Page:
The approval was supported by a study conducted in Guinea during the 2014–2016 outbreak in individuals 18 years of age and older. The study was a randomized cluster (ring) vaccination study in which 3,537 contacts, and contacts of contacts, of individuals with laboratory-confirmed Ebola virus disease (EVD) received either "immediate" or 21-day "delayed" vaccination. This design was intended to capture a social network of individuals and locations that might include dwellings or workplaces where a patient spent time while symptomatic, or the households of individuals who had contact with the patient during that person's illness or death. In a comparison of cases of EVD among 2,108 individuals in the "immediate" vaccination arm and 1,429 individuals in the "delayed" vaccination arm, Ervebo was determined to be 100% effective in preventing Ebola cases with symptom onset greater than ten days after vaccination. No cases of EVD with symptom onset greater than ten days after vaccination were observed in the "immediate" cluster group, compared with ten cases of EVD in the 21-day "delayed" cluster group.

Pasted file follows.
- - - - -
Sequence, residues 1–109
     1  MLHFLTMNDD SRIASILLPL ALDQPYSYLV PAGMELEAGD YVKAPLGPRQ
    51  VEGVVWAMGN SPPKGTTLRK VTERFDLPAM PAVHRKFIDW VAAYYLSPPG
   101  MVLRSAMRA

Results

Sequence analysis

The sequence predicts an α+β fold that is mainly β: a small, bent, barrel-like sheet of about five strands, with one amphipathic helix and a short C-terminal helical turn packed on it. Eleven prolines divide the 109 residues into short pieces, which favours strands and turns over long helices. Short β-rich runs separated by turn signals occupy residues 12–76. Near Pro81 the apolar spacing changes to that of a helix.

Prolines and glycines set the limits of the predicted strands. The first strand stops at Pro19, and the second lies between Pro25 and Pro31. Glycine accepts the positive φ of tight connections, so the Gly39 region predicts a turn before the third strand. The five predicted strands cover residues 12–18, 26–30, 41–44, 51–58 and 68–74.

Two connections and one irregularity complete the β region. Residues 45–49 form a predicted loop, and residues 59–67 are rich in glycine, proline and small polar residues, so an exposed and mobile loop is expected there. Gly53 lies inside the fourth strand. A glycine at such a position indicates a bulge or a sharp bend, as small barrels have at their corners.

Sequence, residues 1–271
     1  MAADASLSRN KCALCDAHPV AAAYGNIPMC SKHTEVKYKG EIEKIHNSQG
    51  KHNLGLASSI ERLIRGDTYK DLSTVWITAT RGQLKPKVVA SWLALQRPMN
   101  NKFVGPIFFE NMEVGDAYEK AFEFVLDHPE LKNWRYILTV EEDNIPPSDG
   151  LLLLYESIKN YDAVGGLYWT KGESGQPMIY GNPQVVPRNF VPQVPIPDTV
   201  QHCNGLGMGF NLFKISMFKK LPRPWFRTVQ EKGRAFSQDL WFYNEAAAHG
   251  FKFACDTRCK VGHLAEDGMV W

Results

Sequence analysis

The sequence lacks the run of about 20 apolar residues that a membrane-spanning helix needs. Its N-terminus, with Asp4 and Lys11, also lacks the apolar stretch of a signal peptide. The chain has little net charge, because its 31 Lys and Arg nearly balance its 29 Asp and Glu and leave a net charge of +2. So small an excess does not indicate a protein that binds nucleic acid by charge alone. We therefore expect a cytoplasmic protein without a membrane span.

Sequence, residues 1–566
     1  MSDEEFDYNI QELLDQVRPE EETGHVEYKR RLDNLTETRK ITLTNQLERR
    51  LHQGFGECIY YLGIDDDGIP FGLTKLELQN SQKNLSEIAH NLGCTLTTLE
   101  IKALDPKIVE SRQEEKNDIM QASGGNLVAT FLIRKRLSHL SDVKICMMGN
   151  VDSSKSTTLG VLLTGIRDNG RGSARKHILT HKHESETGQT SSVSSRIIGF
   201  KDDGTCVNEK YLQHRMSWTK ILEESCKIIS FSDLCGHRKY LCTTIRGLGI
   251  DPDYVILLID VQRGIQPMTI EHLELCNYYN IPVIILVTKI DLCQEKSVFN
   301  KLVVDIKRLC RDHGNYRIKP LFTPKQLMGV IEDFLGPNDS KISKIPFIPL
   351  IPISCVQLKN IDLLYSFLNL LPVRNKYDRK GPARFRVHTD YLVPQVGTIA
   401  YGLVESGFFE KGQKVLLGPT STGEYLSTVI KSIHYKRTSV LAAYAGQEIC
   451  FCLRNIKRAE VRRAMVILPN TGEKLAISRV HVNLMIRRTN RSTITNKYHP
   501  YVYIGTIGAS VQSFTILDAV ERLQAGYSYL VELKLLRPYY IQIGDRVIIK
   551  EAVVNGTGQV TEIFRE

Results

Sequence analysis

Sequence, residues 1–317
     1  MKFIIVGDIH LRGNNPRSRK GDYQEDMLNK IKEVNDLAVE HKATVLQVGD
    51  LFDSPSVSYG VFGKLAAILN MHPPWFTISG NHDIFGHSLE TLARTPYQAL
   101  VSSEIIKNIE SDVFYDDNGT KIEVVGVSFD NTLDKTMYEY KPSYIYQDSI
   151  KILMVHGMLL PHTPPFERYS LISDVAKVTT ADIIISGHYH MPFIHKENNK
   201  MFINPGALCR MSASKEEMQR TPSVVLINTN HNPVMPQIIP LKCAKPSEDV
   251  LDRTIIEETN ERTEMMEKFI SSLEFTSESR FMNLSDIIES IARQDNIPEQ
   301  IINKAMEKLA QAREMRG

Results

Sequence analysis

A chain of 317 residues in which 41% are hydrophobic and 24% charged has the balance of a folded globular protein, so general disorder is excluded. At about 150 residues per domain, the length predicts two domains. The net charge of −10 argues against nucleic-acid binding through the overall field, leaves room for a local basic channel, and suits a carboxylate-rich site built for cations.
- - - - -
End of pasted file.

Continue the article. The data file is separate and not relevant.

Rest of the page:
In additional studies, antibody responses were assessed in 477 individuals in Liberia, some 500 individuals in Sierra Leone, and about 900 individuals in Canada, Spain, and the US. The antibody responses among those in the study conducted in Canada, Spain and the US were similar to those among individuals in the studies conducted in Liberia and Sierra Leone.
The safety was assessed in approximately 15,000 individuals in Africa, Europe, and North America. The most commonly reported side effects were pain, swelling and redness at the injection site, as well as headache, fever, joint and muscle aches and fatigue.